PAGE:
Vanishing Points: Law, Violence and Exception in the Global War Prison

As one of the preeminent scholars in the areas of human and cultural geography, Derek Gregory has been widely influential across numerous fields in the humanities. Since 9/11 much of his work has focused on the long history of British and American involvement in the Middle East. In particular he traces how centuries of imperial and colonial practice continue to shape global imbalances of power and perception in the region.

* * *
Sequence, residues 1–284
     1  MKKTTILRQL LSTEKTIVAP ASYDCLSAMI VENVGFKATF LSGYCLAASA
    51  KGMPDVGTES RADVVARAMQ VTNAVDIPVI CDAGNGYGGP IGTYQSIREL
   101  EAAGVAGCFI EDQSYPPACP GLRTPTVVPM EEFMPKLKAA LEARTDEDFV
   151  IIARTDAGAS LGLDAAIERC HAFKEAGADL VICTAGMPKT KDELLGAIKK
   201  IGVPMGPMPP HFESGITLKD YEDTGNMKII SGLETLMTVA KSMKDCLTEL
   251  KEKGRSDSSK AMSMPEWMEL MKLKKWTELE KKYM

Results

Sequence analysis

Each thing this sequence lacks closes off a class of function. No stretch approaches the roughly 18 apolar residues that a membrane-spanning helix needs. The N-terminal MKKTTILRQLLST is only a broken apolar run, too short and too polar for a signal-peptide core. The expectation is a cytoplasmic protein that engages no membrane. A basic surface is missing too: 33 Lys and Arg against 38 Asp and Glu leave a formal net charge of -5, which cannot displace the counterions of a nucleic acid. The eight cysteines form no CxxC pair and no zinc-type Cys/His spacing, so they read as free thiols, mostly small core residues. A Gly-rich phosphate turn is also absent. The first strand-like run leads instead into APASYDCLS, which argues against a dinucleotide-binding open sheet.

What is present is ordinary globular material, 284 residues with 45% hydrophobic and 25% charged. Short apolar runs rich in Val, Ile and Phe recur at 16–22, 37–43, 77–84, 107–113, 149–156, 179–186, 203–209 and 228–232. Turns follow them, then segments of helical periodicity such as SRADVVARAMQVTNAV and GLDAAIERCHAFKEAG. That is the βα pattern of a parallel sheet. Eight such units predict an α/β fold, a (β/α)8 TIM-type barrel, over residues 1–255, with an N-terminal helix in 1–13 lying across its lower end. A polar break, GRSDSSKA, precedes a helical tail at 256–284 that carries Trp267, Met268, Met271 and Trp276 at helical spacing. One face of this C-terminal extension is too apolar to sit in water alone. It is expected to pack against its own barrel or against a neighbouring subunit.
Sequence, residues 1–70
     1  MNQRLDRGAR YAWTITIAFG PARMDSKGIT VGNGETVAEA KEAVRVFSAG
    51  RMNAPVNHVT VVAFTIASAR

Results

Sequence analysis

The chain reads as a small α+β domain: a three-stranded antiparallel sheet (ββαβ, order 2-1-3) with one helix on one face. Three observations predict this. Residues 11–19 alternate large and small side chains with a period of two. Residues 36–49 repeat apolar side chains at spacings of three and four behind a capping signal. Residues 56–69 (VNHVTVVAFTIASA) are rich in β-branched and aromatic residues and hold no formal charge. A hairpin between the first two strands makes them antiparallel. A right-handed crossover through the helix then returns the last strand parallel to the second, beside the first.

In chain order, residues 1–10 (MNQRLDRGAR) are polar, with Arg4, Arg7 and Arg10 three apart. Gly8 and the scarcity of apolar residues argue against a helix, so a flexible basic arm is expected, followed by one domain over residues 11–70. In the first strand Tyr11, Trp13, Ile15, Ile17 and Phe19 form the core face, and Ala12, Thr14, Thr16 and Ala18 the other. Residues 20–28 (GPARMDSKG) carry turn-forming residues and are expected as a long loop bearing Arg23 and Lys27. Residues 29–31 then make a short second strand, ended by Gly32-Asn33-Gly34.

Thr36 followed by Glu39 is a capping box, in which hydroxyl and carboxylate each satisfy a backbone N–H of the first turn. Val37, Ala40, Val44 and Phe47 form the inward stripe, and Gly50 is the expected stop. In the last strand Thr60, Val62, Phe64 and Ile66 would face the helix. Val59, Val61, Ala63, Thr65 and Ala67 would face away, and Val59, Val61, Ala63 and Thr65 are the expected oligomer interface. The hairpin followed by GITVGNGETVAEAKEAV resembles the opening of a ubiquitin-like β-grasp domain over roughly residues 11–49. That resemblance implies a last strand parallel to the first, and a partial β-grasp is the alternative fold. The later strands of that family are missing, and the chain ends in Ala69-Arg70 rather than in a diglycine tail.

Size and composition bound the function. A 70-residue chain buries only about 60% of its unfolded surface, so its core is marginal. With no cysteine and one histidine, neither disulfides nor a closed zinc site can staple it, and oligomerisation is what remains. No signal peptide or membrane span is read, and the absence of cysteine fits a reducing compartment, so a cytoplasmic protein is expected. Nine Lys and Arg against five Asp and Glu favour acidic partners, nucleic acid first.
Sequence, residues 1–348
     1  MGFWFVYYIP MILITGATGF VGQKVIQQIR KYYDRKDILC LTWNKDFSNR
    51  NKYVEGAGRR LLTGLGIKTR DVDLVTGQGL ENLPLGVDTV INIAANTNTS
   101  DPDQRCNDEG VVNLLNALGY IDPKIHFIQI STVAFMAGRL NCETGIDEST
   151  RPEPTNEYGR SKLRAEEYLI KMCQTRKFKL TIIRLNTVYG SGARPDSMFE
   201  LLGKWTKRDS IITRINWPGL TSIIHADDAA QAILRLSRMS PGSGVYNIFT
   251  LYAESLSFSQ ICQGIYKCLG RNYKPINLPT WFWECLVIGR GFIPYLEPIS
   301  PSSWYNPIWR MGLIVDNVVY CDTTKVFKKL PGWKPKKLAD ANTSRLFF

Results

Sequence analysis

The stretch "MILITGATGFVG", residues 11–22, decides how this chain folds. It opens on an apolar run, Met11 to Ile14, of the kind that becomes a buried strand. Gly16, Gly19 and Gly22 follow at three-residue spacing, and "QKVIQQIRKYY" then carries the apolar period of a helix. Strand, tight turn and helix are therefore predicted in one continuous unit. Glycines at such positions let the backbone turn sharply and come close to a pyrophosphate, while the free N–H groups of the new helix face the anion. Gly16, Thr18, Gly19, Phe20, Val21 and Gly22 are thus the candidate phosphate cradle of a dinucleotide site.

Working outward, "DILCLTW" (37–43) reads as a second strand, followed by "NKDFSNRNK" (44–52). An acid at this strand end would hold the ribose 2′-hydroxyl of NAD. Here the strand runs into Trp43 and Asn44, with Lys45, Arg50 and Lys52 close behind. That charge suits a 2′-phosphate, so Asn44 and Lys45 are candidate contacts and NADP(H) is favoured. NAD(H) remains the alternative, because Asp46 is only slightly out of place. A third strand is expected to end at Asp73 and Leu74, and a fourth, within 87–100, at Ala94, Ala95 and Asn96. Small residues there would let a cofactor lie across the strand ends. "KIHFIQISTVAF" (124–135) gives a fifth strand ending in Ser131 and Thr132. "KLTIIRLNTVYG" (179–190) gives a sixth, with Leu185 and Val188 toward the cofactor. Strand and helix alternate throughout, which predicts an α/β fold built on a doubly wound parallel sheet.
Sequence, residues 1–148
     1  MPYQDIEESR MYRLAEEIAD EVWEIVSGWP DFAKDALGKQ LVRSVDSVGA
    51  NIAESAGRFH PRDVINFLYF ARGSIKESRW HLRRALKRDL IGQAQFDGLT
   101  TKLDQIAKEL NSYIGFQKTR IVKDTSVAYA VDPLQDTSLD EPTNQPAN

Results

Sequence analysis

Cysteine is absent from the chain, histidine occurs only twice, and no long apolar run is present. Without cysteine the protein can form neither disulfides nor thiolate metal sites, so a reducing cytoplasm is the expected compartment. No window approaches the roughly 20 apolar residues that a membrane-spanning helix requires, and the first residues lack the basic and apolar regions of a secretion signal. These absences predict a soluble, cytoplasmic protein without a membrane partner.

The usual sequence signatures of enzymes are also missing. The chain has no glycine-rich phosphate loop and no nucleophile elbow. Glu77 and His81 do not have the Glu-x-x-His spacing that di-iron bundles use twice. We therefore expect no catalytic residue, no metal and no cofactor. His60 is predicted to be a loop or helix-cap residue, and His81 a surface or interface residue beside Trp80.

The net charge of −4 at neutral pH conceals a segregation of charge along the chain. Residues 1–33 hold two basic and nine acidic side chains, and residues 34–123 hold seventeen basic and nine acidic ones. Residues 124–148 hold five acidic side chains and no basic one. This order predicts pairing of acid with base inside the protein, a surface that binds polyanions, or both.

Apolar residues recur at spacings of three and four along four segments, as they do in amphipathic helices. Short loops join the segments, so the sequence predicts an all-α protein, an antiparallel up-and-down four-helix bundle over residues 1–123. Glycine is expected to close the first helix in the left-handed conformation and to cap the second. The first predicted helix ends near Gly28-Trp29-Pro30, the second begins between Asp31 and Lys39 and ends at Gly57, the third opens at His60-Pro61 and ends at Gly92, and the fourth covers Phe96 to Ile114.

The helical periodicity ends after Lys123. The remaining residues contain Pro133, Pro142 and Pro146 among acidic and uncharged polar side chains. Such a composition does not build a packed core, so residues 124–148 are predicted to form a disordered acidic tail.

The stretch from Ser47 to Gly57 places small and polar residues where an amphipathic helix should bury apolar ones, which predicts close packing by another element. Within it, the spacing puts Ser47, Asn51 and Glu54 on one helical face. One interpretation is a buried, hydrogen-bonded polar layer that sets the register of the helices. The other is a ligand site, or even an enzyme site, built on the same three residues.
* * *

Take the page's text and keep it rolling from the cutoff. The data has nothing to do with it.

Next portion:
Gregory’s lecture will examine how these imbalances of power are currently playing out in the “war on terror” with a focus on the imprisonment and interrogation practices used in the global war prison. His talk will explore the strategic geographical sites of the global war prison including Bagram, Guantánamo Bay, Abu Ghraib, and the so-called ‘Black Sites,’ showing how they are produced through constantly shifting folds between law and violence.

Derek Gregory is Distinguished University Scholar and Professor of Geography at the University of British Columbia in Vancouver. He is the author of The Colonial Present: Afghanistan, Palestine, Iraq (2004) and Geographical Imaginations (1993).

Click to see the lecture!

Ref: Simpson Center

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